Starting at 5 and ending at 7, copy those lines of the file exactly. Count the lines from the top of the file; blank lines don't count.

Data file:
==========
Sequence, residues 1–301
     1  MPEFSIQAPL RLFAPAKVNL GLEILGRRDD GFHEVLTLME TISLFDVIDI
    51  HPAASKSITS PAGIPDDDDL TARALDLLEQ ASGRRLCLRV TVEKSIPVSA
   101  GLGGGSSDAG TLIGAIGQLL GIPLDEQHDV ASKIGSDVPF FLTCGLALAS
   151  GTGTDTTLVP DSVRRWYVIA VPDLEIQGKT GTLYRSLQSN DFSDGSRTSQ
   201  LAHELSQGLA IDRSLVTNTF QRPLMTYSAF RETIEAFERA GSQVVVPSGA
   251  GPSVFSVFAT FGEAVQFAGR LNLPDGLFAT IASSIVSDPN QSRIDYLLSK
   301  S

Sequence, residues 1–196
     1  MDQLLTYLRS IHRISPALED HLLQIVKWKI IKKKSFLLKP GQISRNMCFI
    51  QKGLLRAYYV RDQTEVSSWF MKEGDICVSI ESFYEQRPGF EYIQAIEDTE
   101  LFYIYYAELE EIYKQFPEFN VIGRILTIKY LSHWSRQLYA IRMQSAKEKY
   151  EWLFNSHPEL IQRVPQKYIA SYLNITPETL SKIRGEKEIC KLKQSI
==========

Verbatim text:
   151  GTGTDTTLVP DSVRRWYVIA VPDLEIQGKT GTLYRSLQSN DFSDGSRTSQ
   201  LAHELSQGLA IDRSLVTNTF QRPLMTYSAF RETIEAFERA GSQVVVPSGA
   251  GPSVFSVFAT FGEAVQFAGR LNLPDGLFAT IASSIVSDPN QSRIDYLLSK